Delaying the U.S. mail in an ill-advised attempt to save money could be the final nail in this essential service’s coffin.

On Oct. 1, the U.S. Postal Service began slowing deliveries of first-class mail across the country. The price of a stamp increased from 55 cents to 58 cents in August, and temporary holiday price increases for packages and other mail already are in effect.

Mail customers are being asked to pay more for less service. That’s a recipe for even greater failure ahead. Revenues will decline, leading to additional service cuts.



And repeat.

To many customers, a delay of a letter or post card is an annoyance. To people dependent on medicines that come by mail, or those whose mail service is the link to goods and services, delays in service can be devastating.

Both New Mexico senators, Martin Heinrich and Ben Ray Luján, have written to Postmaster General Louis DeJoy to demand answers. They, along with U.S. Sen. Tina Smith, D-Minn., and Sen. Richard Blumenthal, D-Conn., want to know why DeJoy is slowing down mail delivery to the levels of the 1970s. Under the plan, first-class mail service can take up to five days — that’s compared to the current two- or three-day delivery.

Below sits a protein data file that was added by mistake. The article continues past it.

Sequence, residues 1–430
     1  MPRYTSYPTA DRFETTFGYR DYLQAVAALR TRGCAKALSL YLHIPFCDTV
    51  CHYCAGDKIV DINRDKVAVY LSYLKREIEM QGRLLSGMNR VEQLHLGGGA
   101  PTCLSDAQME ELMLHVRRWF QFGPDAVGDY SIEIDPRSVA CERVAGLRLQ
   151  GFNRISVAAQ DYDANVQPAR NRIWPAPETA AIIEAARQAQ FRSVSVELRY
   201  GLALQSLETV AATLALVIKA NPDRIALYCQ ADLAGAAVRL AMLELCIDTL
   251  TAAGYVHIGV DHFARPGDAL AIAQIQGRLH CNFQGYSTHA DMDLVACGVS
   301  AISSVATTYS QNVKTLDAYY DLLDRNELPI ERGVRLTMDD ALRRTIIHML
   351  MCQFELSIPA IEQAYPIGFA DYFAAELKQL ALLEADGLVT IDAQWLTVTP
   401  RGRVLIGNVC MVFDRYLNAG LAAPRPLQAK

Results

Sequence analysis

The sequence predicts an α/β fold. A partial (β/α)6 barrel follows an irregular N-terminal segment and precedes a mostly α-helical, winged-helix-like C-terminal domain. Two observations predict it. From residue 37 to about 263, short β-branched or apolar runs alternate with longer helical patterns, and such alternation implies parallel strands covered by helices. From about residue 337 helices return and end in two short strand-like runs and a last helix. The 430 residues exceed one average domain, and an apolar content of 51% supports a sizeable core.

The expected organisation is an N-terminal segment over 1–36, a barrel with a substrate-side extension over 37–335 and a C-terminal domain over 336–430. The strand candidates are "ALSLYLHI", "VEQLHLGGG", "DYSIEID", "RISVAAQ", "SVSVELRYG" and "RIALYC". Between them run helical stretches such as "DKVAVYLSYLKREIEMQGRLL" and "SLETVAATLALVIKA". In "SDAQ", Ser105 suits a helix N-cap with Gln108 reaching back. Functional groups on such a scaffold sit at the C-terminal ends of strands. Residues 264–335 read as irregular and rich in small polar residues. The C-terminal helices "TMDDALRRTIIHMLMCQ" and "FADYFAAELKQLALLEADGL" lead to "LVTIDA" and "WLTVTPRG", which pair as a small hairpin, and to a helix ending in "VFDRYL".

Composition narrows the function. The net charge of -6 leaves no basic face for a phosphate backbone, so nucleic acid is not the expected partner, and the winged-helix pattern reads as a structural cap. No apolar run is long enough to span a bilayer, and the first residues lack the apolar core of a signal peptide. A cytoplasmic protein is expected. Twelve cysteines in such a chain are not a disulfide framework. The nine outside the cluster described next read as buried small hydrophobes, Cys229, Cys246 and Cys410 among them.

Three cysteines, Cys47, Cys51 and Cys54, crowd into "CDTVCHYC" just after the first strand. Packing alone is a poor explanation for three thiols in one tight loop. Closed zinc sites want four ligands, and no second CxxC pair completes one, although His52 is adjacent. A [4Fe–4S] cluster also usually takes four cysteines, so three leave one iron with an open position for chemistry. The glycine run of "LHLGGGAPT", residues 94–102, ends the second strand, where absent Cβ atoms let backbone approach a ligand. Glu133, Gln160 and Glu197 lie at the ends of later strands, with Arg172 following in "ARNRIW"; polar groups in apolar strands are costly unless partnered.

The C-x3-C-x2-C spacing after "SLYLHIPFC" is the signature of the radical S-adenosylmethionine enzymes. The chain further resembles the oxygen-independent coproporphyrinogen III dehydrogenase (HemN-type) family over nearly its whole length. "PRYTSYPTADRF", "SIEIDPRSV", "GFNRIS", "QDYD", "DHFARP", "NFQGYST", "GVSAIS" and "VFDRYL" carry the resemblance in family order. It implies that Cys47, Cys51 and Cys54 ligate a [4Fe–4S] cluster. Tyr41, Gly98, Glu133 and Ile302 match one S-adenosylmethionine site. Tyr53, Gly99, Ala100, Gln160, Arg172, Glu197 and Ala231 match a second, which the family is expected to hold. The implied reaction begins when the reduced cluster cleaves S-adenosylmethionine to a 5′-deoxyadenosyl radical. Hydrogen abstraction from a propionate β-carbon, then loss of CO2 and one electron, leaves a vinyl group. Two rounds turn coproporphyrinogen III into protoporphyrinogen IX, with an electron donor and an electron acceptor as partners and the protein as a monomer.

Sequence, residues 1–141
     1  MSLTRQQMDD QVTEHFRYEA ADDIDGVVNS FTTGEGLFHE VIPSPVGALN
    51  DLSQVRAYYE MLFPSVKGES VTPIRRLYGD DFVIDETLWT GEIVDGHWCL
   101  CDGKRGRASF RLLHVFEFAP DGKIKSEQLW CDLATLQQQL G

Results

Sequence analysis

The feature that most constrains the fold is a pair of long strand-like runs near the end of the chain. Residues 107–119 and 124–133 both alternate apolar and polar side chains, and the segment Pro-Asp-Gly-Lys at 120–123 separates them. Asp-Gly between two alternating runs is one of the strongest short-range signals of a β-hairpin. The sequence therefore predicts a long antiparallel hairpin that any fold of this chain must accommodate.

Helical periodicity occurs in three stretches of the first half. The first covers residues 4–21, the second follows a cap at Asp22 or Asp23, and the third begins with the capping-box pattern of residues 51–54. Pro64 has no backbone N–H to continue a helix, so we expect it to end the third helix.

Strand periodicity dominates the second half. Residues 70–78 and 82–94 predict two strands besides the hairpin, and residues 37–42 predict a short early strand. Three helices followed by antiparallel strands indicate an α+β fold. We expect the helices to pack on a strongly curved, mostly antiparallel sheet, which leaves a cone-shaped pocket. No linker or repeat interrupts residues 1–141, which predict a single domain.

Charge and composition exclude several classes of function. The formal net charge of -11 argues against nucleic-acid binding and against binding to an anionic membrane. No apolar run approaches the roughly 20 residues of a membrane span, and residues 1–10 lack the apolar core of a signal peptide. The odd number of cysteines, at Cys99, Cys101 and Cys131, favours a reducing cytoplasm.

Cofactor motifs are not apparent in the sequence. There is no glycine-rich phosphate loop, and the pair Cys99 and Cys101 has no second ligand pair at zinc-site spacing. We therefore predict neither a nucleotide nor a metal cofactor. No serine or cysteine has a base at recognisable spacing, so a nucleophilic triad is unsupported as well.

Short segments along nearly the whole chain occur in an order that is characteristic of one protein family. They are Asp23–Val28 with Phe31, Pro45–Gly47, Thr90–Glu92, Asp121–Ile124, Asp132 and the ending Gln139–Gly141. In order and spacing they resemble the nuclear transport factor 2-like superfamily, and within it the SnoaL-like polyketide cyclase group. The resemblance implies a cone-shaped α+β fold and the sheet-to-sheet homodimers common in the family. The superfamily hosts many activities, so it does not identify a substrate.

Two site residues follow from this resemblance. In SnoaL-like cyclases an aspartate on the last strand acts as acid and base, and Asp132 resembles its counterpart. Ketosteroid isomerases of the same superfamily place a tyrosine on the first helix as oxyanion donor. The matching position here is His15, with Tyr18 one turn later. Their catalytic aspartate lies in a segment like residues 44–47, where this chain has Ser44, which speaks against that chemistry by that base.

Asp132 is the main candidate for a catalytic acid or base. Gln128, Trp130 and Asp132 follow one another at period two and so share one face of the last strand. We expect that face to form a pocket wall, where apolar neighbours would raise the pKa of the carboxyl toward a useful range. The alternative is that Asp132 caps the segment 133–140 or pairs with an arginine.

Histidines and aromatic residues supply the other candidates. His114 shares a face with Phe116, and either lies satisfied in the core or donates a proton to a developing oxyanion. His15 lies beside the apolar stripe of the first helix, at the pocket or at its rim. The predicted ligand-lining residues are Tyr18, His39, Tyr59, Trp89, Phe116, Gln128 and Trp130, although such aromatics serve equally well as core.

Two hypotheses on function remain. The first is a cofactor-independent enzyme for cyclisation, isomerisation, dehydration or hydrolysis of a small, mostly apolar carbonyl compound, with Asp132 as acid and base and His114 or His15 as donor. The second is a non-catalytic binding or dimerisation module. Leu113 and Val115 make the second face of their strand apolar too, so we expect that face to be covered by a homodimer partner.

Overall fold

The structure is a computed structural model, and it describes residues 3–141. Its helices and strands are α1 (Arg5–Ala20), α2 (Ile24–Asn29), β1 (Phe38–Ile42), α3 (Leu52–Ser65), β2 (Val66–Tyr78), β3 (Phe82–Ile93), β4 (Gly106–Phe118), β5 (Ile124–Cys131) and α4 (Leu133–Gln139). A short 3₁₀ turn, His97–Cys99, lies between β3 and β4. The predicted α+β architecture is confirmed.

That’s too long. Late payment of bills will result in additional charges, and people on fixed incomes can’t always afford them. And in rural America, there’s no alternative. The Postal Service must work for those customers.

Heinrich is the lead sponsor of the aptly named Delivering Envelopes Judiciously On-time Year-round Act (DeJoy Act). Introduced last May, the legislation seeks to block changes weakening delivery standards and to stop the Postal Service from adopting a 10-year plan decreasing its abilities to delivery mail efficiently. The plan is DeJoy’s baby — ineptly named “Delivering for America” — and in putting it together, the postmaster forgot to assess the impact it would have on mail customers.

Yet DeJoy — who actively worked to slow mail delivery, and thus votes, during last year’s presidential election — remains as postmaster general. He is appointed by a board of governors and still has their backing. Such protections are built into the system so presidents can’t meddle for political purposes.

For now, at least, Congress is asking hard questions. Lawmakers want to know whether the Postal Service considered how changes to first-class mail services would affect those who depend on those offerings, and whether plans are in place to monitor the impact of the slowed-down mail delivery. They demand these answers by Nov. 5.